From the Associated Press and posted by our media partner at WOOD TV:
ASSOCIATED PRESS - Allegations of sexual abuse carried out over decades by team physicians at Michigan State and Ohio State are sending ripples through university athletics departments, with some schools exploring whether more oversight is needed for figures in such powerful positions.
The scandals involving former Michigan State team doctor Larry Nassar, who was also a physician for USA Gymnastics, and Richard Strauss, a former Ohio State doctor, reveal how the trust and intimacy granted to team physicians can also provide cover for sexual predators.
"It's almost this god figure that people don't want to question," said Dani Moffit, who leads a master's program in athletic training at Idaho State University and researches sexual harassment in college sports. "They are thought to be these people who are not going to make mistakes."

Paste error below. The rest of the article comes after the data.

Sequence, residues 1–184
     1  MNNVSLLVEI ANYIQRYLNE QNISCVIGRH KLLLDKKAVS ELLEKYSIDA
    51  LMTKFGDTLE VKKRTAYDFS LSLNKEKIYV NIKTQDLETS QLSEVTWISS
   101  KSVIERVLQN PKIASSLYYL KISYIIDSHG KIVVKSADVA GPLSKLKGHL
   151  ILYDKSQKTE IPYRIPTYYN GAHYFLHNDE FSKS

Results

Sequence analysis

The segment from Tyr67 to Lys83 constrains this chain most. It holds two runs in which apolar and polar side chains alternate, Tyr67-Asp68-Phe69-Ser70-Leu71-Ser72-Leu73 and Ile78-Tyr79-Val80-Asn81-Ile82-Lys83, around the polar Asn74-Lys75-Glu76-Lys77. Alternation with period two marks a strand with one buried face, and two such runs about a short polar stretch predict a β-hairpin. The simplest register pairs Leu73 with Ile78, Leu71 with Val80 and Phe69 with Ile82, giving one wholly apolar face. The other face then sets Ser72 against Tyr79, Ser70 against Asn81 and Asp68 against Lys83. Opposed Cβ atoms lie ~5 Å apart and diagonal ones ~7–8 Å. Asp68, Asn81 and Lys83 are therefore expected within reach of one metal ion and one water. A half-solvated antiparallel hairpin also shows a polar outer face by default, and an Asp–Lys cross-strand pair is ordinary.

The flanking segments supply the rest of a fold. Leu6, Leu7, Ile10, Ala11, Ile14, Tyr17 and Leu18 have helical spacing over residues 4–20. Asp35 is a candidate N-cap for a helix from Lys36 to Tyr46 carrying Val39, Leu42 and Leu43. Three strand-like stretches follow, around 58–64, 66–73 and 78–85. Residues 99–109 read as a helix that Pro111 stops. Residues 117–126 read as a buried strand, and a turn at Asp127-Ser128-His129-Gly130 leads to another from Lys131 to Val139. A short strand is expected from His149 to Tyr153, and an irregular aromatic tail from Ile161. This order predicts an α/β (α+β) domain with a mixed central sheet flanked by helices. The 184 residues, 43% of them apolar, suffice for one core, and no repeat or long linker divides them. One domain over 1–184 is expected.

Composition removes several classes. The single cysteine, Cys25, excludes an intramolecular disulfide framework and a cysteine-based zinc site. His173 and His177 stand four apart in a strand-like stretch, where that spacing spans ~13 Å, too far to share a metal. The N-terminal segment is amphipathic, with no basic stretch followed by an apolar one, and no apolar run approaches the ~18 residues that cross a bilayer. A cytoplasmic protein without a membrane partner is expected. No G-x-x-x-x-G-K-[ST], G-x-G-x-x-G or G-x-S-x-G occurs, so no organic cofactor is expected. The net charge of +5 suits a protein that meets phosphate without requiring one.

Groups that represent team doctors say it's hardly the only profession shaken by sex scandals, and they largely blame the recent cases on a couple bad seeds. Still, the fallout has left some doctors and colleges scrutinizing their practices.
Some are ramping up the use of exam chaperones — medical staff who are brought into the room to monitor the doctor's work. Purdue University says it's crafting a new policy requiring chaperones for team doctors, even if students don't request one. Michigan State updated a similar policy last year.
Physicians, too, are increasingly bringing in chaperones for their own protection, said Dr. Chad Asplund, president of the American Medical Society for Sports Medicine. In his work at Georgia Southern University, Asplund said, he has become more diligent about calling for a chaperone any time he examines a female athlete or asks a patient to remove clothing.
"It's safety for the patient and safety for me," Asplund said. "I think people are becoming a lot more protected and a lot more cautious about doing the right thing."
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